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January 2015

En Famille

Tonight we went to our local Italian restaurant for dinner where Caroline met (in the ladies' bathroom) a very nice older woman who raises purebred Persian cats. Caroline returned to our table and started to tell us about her new acquaintance and the kittens when her brothers set upon her like Sally Jersey and the Countess of Leiven, decrying her forwardness and warning her of the dire consequences that will arise from too much familiarity with the unknown.

Steve said, "SHE'S FINE!" at the same moment I said, "It's ok. She's just being friendly and we're all here."

Edward began to list every awful thing that can happen to short people and Patrick expressed his views on the social presumption of children who mistake kindness for interest. I snapped at them both: "Enough! Caroline is friendly and smart and likeable and she is perfect just the way she is."

Caroline grinned and said, "I'll bet I will be president one day."

Patrick said, "President?! Really?! Do you even know what a Democrat is?"

Which takes me to two very separate anecdotes that I am not telling in chronological order:

1.  I said:

Patrick. Look at me. This is important:

My brother is four years older than I am. He was bigger than me. He was faster than me. He could ski. He could swim. He was great at soccer and he played the violin really, really well. We couldn't go anywhere without meeting somebody who would recognize him and greet him as a friend. He worked harder, laughed more, knew more about almost everything than I did.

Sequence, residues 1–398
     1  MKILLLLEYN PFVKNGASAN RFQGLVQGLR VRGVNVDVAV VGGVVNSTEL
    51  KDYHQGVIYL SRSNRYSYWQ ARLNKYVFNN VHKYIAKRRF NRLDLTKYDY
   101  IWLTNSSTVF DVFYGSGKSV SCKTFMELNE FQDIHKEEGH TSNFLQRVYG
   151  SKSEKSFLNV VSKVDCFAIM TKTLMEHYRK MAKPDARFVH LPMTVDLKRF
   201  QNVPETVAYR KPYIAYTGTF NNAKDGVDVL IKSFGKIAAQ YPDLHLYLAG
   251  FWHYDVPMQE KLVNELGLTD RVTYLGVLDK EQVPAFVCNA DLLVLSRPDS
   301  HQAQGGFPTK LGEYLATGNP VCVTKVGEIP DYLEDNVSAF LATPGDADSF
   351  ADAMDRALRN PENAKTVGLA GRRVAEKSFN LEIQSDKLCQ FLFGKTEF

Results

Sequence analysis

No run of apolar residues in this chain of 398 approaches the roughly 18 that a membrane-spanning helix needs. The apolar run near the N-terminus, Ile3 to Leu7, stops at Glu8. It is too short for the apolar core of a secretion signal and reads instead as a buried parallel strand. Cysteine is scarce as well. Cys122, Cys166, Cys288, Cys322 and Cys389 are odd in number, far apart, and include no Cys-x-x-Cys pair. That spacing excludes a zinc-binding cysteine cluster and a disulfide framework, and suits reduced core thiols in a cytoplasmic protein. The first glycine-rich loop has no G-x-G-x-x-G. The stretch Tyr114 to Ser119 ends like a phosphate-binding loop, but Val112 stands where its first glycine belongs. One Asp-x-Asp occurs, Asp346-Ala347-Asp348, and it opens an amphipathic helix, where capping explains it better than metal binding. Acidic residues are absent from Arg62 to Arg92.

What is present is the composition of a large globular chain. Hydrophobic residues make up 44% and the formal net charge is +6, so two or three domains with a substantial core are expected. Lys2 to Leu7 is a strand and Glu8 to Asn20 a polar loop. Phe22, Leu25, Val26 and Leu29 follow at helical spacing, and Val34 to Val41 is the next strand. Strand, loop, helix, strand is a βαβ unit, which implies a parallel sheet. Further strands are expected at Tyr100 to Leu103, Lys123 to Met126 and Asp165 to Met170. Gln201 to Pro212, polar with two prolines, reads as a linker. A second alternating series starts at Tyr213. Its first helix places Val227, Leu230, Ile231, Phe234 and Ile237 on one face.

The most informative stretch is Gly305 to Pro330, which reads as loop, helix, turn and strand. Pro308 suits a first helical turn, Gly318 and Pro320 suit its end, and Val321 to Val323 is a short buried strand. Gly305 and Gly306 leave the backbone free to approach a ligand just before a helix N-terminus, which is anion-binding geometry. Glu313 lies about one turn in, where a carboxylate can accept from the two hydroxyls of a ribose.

But all I remember is my brother telling me that I could do it. I could ride that bike. I could put on skis. I could speak French, write a novel, tell that boy who broke my heart to regret every second of his life that passed without me.  

And forty years later he is still one of my best friends. I talk to him at least once a week if not once every other day. We know each other like no one else can.

Patrick, my sweet love, you have the opportunity to be that brother. You are so amazing in your own right; don't be jealous. Don't be negative. You have Caroline and Edward for the rest of your life: enjoy them.

2. As the waiter came to clear our plates Caroline answered Patrick's question:

"Of course I know what a democrat is! A democrat is African-American... "

Steve snorted. Patrick laughed. The waiter bolted. I turned purple.

"Garwk! No!" I shouted."No!"

Then I found my composure.

"I mean, yes, our current president is President Barack Obama and he was elected through the Democratic party and, yes, he is an African-American; so I understand why you made that connection but it is more complicated than that."